Why Does Anyone Blog?

Blogging usually accompanies a message that needs to be delivered.  Or in response to an impetus to find a message to deliver.

In the case of my friend, it was her job to curate a platform for delivery of the message, the Belmont Shore Patch.  For me, it was a desire to help my friend, and to explore writing.  If you like to write, there are many opportunities to do so today.  I’d always written in response to a project at school or at home, or an assignment in school or at work.  Never for fun.  Never in response to something from inside me.  I was not that public person and in fact, when the concept of blogging first became popular, I always wondered who would choose to be so public?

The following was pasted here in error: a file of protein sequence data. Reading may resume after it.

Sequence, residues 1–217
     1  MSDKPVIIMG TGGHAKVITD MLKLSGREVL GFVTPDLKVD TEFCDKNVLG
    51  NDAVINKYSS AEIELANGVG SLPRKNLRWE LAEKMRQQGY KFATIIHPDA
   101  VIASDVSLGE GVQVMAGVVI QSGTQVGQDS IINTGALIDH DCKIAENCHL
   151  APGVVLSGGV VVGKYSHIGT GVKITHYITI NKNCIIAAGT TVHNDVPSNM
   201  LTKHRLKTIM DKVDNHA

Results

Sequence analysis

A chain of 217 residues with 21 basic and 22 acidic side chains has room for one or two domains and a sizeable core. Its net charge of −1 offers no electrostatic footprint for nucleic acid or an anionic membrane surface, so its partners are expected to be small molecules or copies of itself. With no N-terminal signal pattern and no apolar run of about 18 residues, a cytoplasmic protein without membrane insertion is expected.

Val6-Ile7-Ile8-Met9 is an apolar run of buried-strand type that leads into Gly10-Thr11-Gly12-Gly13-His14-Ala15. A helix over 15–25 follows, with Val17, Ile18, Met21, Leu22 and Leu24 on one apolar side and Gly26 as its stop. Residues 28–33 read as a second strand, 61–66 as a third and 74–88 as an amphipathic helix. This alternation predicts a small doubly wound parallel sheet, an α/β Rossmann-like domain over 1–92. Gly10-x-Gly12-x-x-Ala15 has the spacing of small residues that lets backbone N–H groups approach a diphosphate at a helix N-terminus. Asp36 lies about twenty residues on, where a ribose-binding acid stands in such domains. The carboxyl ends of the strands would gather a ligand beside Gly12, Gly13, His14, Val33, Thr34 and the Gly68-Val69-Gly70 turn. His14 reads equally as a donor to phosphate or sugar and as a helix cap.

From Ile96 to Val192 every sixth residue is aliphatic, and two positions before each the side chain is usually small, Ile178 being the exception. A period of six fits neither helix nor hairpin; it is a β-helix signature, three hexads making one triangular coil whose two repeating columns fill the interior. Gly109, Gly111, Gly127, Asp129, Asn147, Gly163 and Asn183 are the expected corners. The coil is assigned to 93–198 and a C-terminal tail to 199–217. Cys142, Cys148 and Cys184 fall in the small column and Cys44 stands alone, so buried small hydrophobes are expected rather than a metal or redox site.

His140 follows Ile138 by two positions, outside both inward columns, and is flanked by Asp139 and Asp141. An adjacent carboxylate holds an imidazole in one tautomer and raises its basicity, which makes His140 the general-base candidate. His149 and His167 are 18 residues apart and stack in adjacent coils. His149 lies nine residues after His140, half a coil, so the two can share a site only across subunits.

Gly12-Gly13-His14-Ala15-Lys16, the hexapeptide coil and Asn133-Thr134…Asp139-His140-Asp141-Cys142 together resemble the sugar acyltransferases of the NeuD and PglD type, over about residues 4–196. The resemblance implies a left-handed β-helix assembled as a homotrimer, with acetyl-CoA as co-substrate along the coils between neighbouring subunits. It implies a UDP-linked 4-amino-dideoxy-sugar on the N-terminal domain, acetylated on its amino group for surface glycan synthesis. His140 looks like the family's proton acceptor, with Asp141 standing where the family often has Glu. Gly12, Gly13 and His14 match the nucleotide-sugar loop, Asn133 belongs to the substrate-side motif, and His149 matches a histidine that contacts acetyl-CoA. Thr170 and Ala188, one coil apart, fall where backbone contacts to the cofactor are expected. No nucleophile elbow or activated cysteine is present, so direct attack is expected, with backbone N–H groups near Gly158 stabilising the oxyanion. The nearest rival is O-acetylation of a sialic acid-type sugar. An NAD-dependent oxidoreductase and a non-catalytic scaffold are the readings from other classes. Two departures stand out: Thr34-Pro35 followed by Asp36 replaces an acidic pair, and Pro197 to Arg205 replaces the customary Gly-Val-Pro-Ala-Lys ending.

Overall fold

I have grown to love the medium as a mechanism for sharing thoughts.  With whom am I sharing those thoughts?  Well… with you, and with anyone else who might read this.  Not everyone will agree with my thoughts and ideas, but I always think that it’s a big world, and if I think, believe or want to do something, then someone else will.

I know that my writing would not pass muster in many environments.   This is the beauty of a blog.  I’m in charge.  There’s so little that each of us is in control of today.  Well, there’s the blog.

Which brings me to self-regulation.  This is the internet.  It’s an open environment to which anyone with a  browser has access.  My recommendation to you is this.  If you blog, remember that your words are open to everyone, and once put up, might not be able to be taken down.  I try to stay positive and yes, I hold some thoughts back that might be counter productive to the image and message I try to present.  There, I’ve said it.   My blog is regulated.  By me.

It occurs to me that I haven’t yet begun to share the reasons one might care to blog.